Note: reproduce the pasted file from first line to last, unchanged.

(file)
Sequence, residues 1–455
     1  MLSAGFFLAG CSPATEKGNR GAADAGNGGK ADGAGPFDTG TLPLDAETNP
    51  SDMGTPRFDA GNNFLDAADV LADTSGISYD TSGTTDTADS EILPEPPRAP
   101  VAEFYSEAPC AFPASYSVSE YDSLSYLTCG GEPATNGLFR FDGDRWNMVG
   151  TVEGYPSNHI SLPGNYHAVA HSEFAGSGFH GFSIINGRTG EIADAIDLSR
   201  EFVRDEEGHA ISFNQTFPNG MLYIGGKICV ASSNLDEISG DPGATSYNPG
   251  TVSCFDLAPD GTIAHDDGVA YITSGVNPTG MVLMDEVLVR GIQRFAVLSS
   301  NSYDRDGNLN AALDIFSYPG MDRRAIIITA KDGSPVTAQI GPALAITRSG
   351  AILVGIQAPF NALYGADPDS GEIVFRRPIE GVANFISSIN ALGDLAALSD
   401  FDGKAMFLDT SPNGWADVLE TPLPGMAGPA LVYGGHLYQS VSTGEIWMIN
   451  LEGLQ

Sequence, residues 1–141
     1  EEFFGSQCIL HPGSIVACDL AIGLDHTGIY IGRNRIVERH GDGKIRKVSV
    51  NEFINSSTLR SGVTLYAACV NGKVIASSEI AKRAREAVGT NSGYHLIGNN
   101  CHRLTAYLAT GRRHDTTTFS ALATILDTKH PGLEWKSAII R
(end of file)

Sequence, residues 1–455
     1  MLSAGFFLAG CSPATEKGNR GAADAGNGGK ADGAGPFDTG TLPLDAETNP
    51  SDMGTPRFDA GNNFLDAADV LADTSGISYD TSGTTDTADS EILPEPPRAP
   101  VAEFYSEAPC AFPASYSVSE YDSLSYLTCG GEPATNGLFR FDGDRWNMVG
   151  TVEGYPSNHI SLPGNYHAVA HSEFAGSGFH GFSIINGRTG EIADAIDLSR
   201  EFVRDEEGHA ISFNQTFPNG MLYIGGKICV ASSNLDEISG DPGATSYNPG
   251  TVSCFDLAPD GTIAHDDGVA YITSGVNPTG MVLMDEVLVR GIQRFAVLSS
   301  NSYDRDGNLN AALDIFSYPG MDRRAIIITA KDGSPVTAQI GPALAITRSG
   351  AILVGIQAPF NALYGADPDS GEIVFRRPIE GVANFISSIN ALGDLAALSD
   401  FDGKAMFLDT SPNGWADVLE TPLPGMAGPA LVYGGHLYQS VSTGEIWMIN
   451  LEGLQ

Sequence, residues 1–141
     1  EEFFGSQCIL HPGSIVACDL AIGLDHTGIY IGRNRIVERH GDGKIRKVSV
    51  NEFINSSTLR SGVTLYAACV NGKVIASSEI AKRAREAVGT NSGYHLIGNN
   101  CHRLTAYLAT GRRHDTTTFS ALATILDTKH PGLEWKSAII R